Video Forecast Exhibition
VIDEO FORECAST: A Selection of Video Art from Central Asia
Location: AUB Byblos Bank Art Gallery (Beirut, Lebanon)
Period: 4 September –24 October 2014
Abilsaid Atabekov (KG), Veaceslav Ahunov (UZ), Ulan Djaparov (KG), Erbolsyn Meldibekov (KZ), Alla Rumyantseva (TJ), Surayo Tuichieva (TJ), Rustam Khalfin (KZ), Sabzali Sharipov & Jamshed Kholikov (TJ), Alexandr Ugay (KZ)
Curated/Exhibition Concept by Stefan Rusu
VIDEO FORECAST: A Selection of Video Art from Central Asia introduces the Lebanese public to contemporary artistic strategies and practices encountered today in the post-Soviet republics of the Central Asia. Over the past two decades these countries have been caught up in a spiral of political, social and cultural change. The transformations that take place today in these five Central Asian states are at the mercy of multiple factors, historical consequences and political forces, as the countries are in the process of negotiating their post-Soviet identities along lines that include the enduring heritage of the Soviet past, the resurgent nationalism, the Islamic revival (including also its radical forms) and the pro-Western democratic aspirations. The artists presented in this exhibition reflect, explore, or draw upon one or the other contradictions found today in their countries—caught for two decades in a painful process of political, economic and social transition.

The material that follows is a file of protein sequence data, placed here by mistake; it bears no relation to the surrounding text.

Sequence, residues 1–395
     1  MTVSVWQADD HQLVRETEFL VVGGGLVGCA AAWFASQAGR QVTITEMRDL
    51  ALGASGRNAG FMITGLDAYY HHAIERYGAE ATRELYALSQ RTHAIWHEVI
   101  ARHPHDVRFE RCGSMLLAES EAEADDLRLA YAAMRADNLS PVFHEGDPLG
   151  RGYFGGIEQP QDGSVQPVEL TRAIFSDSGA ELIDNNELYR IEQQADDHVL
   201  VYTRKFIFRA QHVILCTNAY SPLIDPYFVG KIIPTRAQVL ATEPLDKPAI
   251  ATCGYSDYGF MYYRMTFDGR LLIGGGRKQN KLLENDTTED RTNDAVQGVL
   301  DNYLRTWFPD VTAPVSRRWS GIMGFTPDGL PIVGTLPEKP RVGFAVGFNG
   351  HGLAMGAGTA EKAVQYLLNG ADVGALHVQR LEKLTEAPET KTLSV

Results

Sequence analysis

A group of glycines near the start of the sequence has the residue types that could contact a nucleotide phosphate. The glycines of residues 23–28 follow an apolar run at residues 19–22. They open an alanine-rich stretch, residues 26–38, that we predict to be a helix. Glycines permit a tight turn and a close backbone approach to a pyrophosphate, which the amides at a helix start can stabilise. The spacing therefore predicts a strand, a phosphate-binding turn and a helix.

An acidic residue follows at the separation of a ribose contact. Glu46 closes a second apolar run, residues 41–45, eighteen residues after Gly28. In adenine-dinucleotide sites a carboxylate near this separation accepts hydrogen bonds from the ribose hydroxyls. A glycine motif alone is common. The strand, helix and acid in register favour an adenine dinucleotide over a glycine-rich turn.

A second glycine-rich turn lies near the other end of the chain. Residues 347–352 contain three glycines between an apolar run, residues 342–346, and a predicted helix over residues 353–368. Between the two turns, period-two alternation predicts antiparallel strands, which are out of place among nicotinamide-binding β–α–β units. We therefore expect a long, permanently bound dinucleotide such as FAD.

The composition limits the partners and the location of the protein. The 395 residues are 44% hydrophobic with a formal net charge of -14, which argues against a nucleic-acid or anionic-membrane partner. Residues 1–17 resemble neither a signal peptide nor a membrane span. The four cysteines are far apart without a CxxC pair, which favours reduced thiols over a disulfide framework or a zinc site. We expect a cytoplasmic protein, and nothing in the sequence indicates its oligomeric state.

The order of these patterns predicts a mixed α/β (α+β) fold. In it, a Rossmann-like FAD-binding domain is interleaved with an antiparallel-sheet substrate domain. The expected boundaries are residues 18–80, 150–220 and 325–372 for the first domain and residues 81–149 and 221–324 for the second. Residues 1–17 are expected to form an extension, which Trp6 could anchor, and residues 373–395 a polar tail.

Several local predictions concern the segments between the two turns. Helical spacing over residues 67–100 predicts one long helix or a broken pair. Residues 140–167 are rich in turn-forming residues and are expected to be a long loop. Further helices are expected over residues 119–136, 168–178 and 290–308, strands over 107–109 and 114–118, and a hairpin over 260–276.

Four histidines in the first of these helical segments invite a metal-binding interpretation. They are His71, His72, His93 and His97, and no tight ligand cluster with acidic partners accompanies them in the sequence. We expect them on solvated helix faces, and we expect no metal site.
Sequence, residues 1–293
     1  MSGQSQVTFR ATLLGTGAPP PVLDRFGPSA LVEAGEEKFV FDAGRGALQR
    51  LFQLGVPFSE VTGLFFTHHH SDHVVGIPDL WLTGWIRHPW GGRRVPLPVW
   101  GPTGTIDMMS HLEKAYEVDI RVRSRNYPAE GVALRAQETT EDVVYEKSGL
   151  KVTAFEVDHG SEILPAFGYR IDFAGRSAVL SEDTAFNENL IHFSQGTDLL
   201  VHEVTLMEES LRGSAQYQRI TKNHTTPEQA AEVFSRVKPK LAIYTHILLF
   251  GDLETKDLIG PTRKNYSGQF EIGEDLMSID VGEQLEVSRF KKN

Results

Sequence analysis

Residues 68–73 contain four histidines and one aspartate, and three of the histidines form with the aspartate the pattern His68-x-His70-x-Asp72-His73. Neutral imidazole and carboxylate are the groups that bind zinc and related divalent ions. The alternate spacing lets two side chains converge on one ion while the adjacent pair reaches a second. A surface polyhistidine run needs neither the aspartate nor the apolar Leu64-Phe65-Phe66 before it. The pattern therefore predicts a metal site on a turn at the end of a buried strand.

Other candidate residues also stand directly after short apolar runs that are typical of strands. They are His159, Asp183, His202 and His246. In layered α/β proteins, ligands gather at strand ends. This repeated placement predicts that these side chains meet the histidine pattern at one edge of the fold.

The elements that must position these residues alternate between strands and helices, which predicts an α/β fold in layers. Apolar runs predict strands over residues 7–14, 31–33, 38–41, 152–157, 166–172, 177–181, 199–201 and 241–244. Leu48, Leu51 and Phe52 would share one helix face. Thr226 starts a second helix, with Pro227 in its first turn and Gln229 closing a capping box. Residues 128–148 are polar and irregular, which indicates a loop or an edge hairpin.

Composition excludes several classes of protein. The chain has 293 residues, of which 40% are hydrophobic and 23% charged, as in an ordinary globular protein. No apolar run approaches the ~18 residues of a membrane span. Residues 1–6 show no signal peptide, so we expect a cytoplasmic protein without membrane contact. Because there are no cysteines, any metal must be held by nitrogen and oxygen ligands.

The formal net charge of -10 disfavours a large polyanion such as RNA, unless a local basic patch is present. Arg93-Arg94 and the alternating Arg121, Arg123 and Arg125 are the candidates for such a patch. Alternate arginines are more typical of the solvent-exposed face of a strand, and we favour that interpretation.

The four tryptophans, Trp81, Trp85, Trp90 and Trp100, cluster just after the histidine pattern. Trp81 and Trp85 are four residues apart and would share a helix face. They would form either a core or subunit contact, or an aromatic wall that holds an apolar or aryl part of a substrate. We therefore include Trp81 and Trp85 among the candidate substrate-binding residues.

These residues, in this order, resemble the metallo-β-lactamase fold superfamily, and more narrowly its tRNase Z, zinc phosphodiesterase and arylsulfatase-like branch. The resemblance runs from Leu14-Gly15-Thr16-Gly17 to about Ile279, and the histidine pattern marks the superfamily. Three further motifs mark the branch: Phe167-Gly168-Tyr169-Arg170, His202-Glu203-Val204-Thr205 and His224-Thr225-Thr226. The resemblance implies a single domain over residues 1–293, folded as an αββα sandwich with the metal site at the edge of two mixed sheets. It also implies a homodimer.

Those who attend to this event may find that many artworks in this exhibition resonate today with the political and social processes that have been taking place in the Arab world since December 2010 under the catchy phrase “Arab Spring.” The processes that take place in the post-Soviet Central Asian countries have, for the most part, been ignored by the Western media and public opinion. This exhibition may be an opportune to re-visit through an artistic perspective some of these processes in countries that historically have had much in common with the Arab world. Besides sharing religious beliefs, cultural heritage, linguistic traits, and ethnic ties there are also many similarities when it comes to the political processes that unfold today in the Middle East and post-Soviet Central Asia. In some of these countries the political situation reminds the situation in Egypt, Yemen or Tunisia—but long before the Arab Spring began. The religious revival that took place immediately after 1989—which came as a reversed reaction to the Soviet radical processes of de-Islamization that left deep traces in the consciousness of the local populace, especially in the urban areas—have been curbed. In fact every form of challenge to the power of state have been suppressed. Most of these countries are still run by authoritarian regimes that oppress every form of political activities, persecuting those who dare to challenge the status-quo—be it pro-democratic NGOs or radical religious opposition. While the former direct their aspirations towards Western liberal-democracies the latter see their countries regain their place within a larger Islamic world. In most of these states the opposition (both political and religious) has been "cleansed" from the field of political struggle, forced to go underground or ultimately emigrate.